I read that in Russia, students bring flowers to the teacher and receive balloons in return. That sounds like it could be a lot of flowers!
Over in Germany, it’s been a two hundred year tradition to give young students a large paper cone or ‘Schultüte’ on the first day of school. The cone is stuffed with candy, small toys and even (!) school supplies. The photo on the left dates back to 1936. (Zeulenroda, Wittig Archiv).
That tradition was not part of my life here in Canada. I remember the mixed emotions of my first day at kindergarten. I couldn’t speak English. My mom arranged for an older girl from the neighbourhood to pick me up and deposit me at the school. I remember the other girls’ pretty dresses, but have no memory of my own. I do recall, though, that by grade one I’d become quite comfortable with Dick, Jane, Sally, Spot and Puff. And that’s where the wedge between my double life began. There was my German immigrant family at home and my English language world of books. As I grew, so did the rift. So I have some empathy for the issues facing new immigrants and their children starting school here in Canada.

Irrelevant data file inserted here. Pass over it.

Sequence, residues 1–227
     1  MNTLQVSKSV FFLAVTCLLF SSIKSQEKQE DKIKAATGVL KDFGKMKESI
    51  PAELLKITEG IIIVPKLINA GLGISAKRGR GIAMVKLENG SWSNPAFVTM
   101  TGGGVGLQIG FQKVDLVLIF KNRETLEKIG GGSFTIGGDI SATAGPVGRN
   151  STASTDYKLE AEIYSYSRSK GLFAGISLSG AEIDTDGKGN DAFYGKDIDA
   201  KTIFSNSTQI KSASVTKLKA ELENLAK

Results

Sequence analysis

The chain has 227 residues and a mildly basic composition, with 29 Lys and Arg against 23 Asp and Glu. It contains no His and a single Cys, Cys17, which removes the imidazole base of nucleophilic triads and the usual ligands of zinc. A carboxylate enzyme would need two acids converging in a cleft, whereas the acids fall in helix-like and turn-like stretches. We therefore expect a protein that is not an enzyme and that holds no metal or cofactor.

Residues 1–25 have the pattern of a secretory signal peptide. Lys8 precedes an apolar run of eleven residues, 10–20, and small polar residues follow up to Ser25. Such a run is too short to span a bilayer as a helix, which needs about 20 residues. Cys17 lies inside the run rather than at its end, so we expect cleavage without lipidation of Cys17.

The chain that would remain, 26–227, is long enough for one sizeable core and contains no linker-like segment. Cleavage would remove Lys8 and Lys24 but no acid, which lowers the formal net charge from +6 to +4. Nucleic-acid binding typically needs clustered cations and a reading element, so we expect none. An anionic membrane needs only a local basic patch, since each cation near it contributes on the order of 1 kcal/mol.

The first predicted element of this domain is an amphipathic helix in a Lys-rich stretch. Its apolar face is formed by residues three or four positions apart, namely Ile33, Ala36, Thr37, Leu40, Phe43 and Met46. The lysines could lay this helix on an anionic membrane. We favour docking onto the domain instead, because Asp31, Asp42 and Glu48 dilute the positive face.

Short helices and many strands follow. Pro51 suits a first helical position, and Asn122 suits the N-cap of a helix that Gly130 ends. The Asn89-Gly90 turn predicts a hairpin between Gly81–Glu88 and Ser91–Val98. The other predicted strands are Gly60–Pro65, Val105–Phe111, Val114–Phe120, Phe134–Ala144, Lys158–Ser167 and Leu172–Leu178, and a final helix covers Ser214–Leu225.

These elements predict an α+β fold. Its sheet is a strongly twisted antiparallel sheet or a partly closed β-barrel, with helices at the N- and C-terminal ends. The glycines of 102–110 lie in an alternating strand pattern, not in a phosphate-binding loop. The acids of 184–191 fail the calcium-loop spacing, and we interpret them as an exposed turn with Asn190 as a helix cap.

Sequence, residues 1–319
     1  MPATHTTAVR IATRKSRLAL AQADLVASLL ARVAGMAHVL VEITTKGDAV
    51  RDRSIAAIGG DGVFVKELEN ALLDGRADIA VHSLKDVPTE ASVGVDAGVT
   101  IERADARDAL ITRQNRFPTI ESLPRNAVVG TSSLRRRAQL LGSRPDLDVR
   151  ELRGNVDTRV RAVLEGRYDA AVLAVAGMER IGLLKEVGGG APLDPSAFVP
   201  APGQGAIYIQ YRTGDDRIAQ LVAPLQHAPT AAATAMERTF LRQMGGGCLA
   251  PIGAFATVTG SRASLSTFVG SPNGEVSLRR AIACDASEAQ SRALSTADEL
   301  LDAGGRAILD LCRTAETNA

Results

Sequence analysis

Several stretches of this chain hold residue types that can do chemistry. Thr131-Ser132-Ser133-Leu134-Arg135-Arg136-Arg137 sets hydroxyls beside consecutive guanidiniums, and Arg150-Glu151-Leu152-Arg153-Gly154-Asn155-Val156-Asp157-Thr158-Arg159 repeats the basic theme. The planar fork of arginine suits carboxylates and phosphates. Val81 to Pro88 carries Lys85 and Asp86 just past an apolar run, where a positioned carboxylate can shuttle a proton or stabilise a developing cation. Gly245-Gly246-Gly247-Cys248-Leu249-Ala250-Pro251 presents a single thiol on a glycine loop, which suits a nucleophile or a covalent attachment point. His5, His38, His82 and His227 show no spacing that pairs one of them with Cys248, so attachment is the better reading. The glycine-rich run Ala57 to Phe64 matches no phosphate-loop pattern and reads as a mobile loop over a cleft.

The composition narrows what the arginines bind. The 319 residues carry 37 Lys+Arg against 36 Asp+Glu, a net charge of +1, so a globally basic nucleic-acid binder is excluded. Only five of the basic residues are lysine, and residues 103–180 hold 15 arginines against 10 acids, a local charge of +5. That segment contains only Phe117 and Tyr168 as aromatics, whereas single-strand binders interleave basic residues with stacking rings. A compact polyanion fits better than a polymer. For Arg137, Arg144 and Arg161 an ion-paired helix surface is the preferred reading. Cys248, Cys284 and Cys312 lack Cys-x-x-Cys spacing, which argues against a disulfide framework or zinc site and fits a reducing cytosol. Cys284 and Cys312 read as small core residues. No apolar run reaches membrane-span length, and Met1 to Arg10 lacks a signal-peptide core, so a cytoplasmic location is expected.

Now-a-days, back-to-school often means a fancy licensed backpack with matching school supplies. An expensive time for parents, especially those with several children. We live close to a school and when I see the kids walk by, holding a parent’s hand, on these first days, I get nostalgic for my own kids’ schooldays. However, my bank account appreciates the end of back-to-school.
I used to take time off work during the week of back-to-school, just to be there for any jitters or tears or happy cheers. Kids facing the world on their own. A special time for them. A learning-to-let-go (just a little) time for parents.
Now, it’s just me and Buddy watching the foot traffic eagerly skipping by on their way to school. Happy first day to all!